• A hotplate
  • A large metal pot
  • A tempered glass lid
  • A small dinner plate
  • Some aluminum foil

Once I had the materials in hand (as well as the ventilation fan running and the fire extinguisher close by), here are the steps I took:

  • I put the metal pot on the hotplate and poured ~2 ounces of acetone in the bottom. Then I placed the dinner plate in the bottom so that the 3D print would not be sitting directly in the pool of acetone (it would melt). I also made a “heat shield” by folding some aluminum foil over and placed that on the plate. Just in case the print melted slightly, didn’t want to have to chisel it off the plate. (As it turned out, this wasn’t an issue.)
  • I turned the hotplate on to its lowest setting. Acetone has a relatively low boiling point, and it started bubbling almost immediately. The trick is to get a good cloud of acetone vapor built up in the pot before placing the print inside. I waited until I could see acetone condensing on the glass lid before taking the next step.
  • I turned off the hotplate and placed the 3D print onto the aluminum foil heat shield on the bottom. At this point, the residual heat of the hotplate kept the acetone bubbling for enough time for the print to finish. Also, I slid the lid to one side to allow the acetone vapor to escape. The idea is to keep a fresh flow of acetone vapor moving over the print. On earlier trials, I hadn’t allowed for an escape vent for the vapor, and it condensed on the horizontal surfaces and dissolved the ABS.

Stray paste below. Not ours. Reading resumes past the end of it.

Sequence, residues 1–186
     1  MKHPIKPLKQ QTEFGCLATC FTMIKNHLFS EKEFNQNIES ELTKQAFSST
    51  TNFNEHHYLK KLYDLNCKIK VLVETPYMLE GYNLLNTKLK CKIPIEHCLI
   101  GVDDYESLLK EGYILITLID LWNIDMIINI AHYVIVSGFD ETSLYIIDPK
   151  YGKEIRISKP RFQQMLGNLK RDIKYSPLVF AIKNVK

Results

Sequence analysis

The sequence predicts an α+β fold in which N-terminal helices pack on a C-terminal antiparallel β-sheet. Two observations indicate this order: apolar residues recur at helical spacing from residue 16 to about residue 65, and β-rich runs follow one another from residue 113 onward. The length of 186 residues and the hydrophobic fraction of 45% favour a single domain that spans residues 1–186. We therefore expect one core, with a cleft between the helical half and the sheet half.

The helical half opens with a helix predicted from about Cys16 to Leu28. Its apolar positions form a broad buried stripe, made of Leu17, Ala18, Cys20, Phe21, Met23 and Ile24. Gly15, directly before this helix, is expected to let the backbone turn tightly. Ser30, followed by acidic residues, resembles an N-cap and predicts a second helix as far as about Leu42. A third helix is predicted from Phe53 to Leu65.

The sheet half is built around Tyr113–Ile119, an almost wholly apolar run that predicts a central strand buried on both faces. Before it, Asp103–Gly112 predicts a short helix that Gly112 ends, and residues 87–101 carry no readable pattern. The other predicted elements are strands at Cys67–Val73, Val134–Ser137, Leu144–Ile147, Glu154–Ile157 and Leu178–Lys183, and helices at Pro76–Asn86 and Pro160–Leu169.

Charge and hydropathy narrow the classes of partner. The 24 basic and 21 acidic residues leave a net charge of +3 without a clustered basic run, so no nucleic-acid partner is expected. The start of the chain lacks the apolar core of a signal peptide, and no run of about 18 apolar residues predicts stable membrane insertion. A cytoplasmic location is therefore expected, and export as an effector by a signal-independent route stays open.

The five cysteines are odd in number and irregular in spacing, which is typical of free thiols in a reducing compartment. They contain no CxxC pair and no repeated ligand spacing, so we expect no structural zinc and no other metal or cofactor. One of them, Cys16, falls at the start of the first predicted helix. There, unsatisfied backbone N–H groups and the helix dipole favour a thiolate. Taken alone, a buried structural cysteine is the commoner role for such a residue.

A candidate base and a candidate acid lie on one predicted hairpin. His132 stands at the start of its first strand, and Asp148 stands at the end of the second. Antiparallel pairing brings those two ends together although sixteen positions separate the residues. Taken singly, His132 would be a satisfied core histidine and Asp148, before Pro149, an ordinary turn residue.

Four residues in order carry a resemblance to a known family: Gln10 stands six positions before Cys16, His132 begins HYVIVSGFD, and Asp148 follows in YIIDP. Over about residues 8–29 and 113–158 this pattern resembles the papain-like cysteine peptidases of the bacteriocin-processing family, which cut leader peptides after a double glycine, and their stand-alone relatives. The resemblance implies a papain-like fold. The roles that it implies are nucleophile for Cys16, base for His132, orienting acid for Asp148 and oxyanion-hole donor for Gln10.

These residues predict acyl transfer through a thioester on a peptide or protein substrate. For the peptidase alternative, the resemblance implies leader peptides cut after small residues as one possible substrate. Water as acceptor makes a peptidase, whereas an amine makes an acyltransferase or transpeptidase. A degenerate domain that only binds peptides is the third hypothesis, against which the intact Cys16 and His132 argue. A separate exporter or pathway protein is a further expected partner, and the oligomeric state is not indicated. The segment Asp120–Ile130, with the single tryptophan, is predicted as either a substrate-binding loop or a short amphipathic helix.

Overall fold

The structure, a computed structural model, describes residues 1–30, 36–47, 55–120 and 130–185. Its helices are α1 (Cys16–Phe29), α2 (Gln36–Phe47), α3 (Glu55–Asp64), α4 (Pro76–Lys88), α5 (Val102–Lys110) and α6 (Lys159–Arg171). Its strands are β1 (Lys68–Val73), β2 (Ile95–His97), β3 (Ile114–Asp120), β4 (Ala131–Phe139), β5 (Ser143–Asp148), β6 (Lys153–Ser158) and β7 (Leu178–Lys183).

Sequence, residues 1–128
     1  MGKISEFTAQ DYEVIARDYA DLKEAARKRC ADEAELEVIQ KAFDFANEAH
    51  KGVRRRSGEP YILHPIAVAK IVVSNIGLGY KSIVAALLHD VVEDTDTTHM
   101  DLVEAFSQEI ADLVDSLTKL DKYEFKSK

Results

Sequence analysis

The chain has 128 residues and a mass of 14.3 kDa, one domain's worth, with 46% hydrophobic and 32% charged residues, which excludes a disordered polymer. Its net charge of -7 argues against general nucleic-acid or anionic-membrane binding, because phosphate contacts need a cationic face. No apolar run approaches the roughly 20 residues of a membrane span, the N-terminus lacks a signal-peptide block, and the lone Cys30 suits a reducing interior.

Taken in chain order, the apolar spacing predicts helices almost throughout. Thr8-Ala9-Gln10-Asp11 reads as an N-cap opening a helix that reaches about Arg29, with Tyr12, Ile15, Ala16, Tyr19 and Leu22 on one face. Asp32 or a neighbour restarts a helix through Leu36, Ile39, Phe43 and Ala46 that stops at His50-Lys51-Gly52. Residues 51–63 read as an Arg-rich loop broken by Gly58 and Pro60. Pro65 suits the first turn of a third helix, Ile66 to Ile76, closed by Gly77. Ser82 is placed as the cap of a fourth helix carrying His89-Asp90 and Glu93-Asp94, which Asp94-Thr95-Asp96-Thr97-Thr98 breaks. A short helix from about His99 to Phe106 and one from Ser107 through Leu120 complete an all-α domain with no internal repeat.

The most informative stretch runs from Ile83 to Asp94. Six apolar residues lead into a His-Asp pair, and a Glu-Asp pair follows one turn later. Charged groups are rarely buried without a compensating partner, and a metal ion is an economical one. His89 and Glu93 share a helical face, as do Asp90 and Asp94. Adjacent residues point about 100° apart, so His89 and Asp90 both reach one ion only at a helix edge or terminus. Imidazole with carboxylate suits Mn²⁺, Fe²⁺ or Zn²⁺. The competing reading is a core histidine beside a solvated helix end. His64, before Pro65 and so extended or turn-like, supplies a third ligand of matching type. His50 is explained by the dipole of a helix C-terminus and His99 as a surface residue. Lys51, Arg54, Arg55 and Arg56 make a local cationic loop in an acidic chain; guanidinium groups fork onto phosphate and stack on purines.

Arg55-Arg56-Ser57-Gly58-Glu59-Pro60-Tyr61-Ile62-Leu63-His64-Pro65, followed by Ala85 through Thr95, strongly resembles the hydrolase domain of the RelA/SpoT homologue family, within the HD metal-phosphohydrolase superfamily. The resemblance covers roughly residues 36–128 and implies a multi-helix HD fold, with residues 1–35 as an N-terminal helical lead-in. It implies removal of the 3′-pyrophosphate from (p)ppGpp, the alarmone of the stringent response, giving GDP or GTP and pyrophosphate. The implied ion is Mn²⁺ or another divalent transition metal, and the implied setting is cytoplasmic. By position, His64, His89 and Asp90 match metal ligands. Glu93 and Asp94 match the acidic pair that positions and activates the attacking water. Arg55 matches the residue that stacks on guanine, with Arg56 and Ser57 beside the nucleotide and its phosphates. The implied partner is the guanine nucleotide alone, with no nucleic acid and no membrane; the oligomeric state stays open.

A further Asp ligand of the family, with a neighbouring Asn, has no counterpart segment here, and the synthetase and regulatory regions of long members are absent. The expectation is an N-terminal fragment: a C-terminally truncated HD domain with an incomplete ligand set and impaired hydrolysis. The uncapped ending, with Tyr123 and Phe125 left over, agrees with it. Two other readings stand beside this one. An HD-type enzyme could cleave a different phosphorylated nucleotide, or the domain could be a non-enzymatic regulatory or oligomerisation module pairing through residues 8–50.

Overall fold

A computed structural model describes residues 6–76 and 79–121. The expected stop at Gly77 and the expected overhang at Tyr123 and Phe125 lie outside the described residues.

Acetone vapor finishing problem

    Be sure to vent the acetone vapor or this pitting/bubbling might happen when the vapor condenses on the print!

  • I kept checking on the progress of the smoothing by shining a flashlight into the pot. The smooth gleam was noticeable on the 3D print almost immediately. The process had good results after just 5 to 10 minutes. I’ve seen some instructions that advised leaving the print in the vapor bath for upwards of an hour. This seems way too long based on my experience; I’m surprised those prints didn’t dissolve entirely!
  • I removed the lid from the pot and the pot from the hot plate, and set it in front of a fan to cool it down and remove any residual acetone vapor. In 15 minutes I could remove the finished print from the pot. The aluminum foil was easy to remove from the bottom of the print.

There was then the requisite cleanup and ventilation of the work room, but I was very pleased with the results. It’s nice to have some options in how your 3D print will be finished. Personally, I like the matte look of a high-resolution ABS 3D print, but the shiny, slick appearance of an acetone vapor-finished print is not without its charms as well. Better yet, this can be accomplished with a low-resolution print just as easily as with high-resolution, resulting in a substantial savings in time during the 3D printing process.